To carry out his mission, Michaux traveled from the Bahamas to Hudson Bay and west to the Mississippi River on nine separate journeys, all indicated on a finely rendered, color-coded map in this volume. His writings detail the many hardships—debilitating disease, robberies, dangerous wild animals, even shipwreck—that Michaux endured on the North American frontier and on his return home. But they also convey the soaring joys of exploration in a new world where nature still reigned supreme, a paradise of plants never before known to Western science. The thrill of discovery drove Michaux ever onward, even ultimately to his untimely death in 1802 on the remote island of Madagascar.

front cover of The Annotated <i>Origin</i>
The Annotated Origin
A Facsimile of the First Edition of On the Origin of Species
Charles DarwinAnnotated by James T. Costa
Harvard University Press, 2009
Charles Darwin’s On the Origin of Species is the most important and yet least read scientific work in the history of science. Now James T. Costa—experienced field biologist, theorist on the evolution of insect sociality, and passionate advocate for teaching Darwin in a society in which a significant proportion of adults believe that life on earth has been created in its present form within the last 10,000 years—has given a new voice to this epochal work. By leading readers line by line through the Origin, Costa brings evolution’s foundational text to life for a new generation.The Annotated Origin is the edition of Darwin’s masterwork used in Costa’s course at Western Carolina University and in Harvard’s Darwin Summer Course at Oxford. A facsimile of the first edition of 1859 is accompanied by Costa’s extensive marginal annotations, drawing on his extensive experience with Darwin’s ideas in the field, lab, and classroom. This edition makes available an accessible, useful, and practical resource for anyone reading the Origin for the first time or for those who want to reread it with the insights and perspective that a working biologist can provide.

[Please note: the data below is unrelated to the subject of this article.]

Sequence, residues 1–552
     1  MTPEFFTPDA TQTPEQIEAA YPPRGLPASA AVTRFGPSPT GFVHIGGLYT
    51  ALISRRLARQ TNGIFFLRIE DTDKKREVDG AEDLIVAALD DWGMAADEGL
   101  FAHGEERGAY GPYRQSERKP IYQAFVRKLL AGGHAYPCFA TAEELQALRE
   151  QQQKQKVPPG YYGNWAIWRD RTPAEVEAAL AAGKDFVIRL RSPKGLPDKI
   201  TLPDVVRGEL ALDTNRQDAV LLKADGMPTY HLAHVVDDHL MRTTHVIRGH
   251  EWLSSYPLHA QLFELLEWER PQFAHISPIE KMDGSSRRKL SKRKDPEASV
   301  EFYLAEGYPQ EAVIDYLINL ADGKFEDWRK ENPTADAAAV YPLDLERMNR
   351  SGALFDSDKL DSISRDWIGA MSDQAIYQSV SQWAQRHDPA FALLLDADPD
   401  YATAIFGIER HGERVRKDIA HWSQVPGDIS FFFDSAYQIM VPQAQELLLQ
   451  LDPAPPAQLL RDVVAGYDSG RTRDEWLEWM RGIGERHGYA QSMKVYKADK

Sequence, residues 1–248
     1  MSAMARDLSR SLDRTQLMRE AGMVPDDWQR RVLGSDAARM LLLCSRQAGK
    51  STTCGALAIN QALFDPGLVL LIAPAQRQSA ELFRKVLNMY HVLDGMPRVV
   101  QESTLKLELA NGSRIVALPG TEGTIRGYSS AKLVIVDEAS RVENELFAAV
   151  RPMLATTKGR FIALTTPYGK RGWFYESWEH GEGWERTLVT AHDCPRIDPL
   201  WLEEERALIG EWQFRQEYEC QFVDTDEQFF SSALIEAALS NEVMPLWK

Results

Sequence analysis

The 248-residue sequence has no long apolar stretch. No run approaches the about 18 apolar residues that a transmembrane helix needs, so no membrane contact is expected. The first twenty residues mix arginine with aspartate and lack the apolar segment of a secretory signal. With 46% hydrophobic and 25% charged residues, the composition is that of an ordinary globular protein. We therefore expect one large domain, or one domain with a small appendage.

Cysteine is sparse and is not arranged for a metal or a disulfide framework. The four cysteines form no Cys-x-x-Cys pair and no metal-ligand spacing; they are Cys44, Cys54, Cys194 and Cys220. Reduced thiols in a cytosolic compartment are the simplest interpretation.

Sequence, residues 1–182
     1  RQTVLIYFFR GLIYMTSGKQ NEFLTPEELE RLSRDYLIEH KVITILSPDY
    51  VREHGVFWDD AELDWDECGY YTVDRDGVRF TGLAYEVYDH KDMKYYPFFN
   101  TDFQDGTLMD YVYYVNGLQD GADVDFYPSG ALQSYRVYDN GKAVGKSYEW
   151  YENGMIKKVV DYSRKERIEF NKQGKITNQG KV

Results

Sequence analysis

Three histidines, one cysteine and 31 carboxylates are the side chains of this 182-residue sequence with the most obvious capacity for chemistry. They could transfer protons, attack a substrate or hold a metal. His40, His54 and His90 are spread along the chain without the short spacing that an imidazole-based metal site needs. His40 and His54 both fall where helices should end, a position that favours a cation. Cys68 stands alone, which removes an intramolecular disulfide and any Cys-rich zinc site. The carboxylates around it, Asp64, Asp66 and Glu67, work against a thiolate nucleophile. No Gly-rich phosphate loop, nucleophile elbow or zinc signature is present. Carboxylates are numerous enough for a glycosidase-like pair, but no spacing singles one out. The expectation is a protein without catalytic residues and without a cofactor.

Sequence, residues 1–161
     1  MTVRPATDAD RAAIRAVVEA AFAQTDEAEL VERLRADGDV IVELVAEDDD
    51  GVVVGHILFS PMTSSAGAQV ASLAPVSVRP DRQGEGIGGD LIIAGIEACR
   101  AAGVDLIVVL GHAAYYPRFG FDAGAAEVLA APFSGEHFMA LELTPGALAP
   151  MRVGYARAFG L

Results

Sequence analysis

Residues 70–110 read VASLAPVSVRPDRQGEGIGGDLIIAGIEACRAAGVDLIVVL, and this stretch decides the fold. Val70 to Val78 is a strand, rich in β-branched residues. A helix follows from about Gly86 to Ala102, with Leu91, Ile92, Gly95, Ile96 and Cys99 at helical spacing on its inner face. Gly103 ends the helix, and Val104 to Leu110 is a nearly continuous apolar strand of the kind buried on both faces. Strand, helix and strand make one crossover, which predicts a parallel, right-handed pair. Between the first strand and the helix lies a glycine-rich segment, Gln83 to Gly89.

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Anton Pannekoek
Ways of Viewing Science and Society
Chaokang Tai
Amsterdam University Press, 2019
Anton Pannekoek (1873-1960), prominent astronomer and world-renowned socialist theorist, stood at the nexus of the revolutions in politics, science and the arts of the early twentieth century. His astronomy was uniquely visual and highly innovative, while his politics were radical. Anton Pannekoek: Ways of Viewing Science and Society collects essays on Pannekoek and his contemporaries at the crossroads of political history, the history of science and art history.

front cover of Archimedes
Fulcrum of Science
Nicholas Nicastro
Reaktion Books, 2024
A bold reimagining of the Greek mathematician’s singular life as a truly modern scientist.